Stigma in the Workplace

Many people think that depression is due to personal weakness or is otherwise not a “real” health condition.  In fact, depression is a serious illness that results from biochemical, environmental, and genetic factors, just like most other health problems.  One big difference between illnesses like depression and other chronic conditions, such as heart disease or diabetes, is that people with depression often experience greater stigma for their illness because of misconceptions about its causes and treatments.

People experience stigma when they are labeled as being “different” in a negative way, and this can extend to outright discrimination. Stigma can affect how other people respond to someone with depression, and also how people with depression view themselves. The truth is that depression is an illness that requires treatment, the same as other health conditions.  Addressing stigma around mental health in the workplace will increase the likelihood that people will seek and receive the treatment they need so they can continue working and maintain the quality of their work.

The Primary Harm of Stigma

Many people with depression feel uncomfortable asking for help because of concerns about how friends, family, co-workers, supervisors, or even health professionals will react.  This discomfort in asking for help is the primary harm of stigma because it is a major barrier to people receiving treatment.  Among adults with depression, only 58% receive treatment in the USA.

The stigma people with depression perceive from others has also been associated with not sticking to prescribed drug treatments and discontinuing psychiatric treatment. Therefore, depression awareness and a supportive social context in the workplace are necessary for optimal recognition and treatment of symptoms, and, consequently, for minimizing the harm done to productivity and cost-effectiveness. Stigma’s felt effects on employees with depression make it important to maintain a culture of acceptance, understanding, and confidentiality for the duration of treatment and beyond, and not just after symptoms have been recognized; failure to follow through on treatment can lead to absenteeism, presenteeism, and employee turnover.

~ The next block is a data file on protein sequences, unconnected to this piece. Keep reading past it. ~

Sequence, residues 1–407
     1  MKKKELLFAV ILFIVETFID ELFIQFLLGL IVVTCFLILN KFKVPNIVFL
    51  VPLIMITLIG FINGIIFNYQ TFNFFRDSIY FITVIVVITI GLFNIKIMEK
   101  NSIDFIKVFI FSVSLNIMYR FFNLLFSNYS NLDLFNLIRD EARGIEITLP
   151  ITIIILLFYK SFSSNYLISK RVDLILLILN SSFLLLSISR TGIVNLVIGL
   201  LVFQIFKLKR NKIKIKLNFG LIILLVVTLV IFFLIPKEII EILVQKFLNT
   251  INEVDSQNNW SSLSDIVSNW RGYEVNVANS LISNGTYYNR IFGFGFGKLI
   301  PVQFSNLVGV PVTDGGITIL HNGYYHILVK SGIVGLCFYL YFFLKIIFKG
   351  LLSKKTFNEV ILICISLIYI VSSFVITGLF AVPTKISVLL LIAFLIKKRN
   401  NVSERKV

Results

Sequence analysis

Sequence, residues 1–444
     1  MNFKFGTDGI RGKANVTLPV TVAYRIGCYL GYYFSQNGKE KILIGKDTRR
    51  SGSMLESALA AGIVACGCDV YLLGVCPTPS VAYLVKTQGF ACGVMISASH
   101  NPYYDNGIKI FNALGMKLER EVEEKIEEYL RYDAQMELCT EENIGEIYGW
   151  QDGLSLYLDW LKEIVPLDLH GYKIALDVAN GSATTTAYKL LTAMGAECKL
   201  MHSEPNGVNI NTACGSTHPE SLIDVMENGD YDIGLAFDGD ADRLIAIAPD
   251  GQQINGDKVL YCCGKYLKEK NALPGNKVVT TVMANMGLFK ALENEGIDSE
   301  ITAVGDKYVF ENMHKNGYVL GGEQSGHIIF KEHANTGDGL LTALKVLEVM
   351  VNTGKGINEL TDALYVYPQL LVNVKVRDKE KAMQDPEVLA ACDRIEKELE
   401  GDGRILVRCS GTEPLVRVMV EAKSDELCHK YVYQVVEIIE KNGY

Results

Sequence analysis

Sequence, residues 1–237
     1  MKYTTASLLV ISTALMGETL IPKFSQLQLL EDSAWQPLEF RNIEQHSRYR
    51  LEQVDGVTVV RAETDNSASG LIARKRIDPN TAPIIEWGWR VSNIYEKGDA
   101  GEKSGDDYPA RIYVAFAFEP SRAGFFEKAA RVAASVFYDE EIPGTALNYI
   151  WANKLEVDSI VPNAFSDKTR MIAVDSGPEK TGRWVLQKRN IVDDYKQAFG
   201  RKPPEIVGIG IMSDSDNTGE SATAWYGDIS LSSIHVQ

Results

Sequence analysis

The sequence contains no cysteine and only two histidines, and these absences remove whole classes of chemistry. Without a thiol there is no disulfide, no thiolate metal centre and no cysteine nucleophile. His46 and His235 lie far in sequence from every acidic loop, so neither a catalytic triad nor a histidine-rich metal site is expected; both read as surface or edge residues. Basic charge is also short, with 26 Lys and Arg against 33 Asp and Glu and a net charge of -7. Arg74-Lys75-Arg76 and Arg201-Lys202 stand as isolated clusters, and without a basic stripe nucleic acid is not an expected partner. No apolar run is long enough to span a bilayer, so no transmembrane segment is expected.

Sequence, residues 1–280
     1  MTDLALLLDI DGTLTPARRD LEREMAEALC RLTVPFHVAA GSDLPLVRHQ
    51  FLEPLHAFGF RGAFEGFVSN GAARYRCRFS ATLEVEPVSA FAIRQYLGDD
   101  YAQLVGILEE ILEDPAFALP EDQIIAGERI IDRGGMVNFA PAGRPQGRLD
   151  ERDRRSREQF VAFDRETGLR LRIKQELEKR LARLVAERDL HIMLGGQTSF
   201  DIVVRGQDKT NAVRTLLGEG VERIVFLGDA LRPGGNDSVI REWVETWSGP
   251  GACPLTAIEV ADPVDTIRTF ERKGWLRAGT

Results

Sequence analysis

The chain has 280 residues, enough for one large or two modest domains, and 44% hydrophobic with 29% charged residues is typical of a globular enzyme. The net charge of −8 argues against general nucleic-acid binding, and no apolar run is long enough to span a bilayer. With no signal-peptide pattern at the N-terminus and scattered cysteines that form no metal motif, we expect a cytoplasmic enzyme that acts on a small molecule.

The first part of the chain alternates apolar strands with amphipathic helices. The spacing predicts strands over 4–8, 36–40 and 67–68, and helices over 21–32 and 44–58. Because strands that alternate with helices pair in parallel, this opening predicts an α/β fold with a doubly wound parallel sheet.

The presence of stigma in the workplace actually presents employers with the opportunity to educate employees, managers, and supervisors about the symptoms and consequences of depression and resources available for appropriate and effective treatment.

a. Conceptualizing stigma. Annual Review of Sociology, 2001:27: 363-85.
b. See the US Department of Health and Human Services Report
Healthy People
c. Sirey J.A., Bruce M.L., Alexopoulos G.S., et al: Perceived stigma as a predictor of treatment discontinuation in young and older outpatients with depression. American Journal of Psychiatry 158:479–481, 2001
d. Sirey J.A., Bruce, M.L., Alexopoulos G.S., et al: Perceived stigma and patient-rated severity of illness as predictors of antidepressant drug adherence. Psychiatric Services 52:1615–1620, 2001

Source: http://www.depressioncenter.org/work/depression-and-work/stigma


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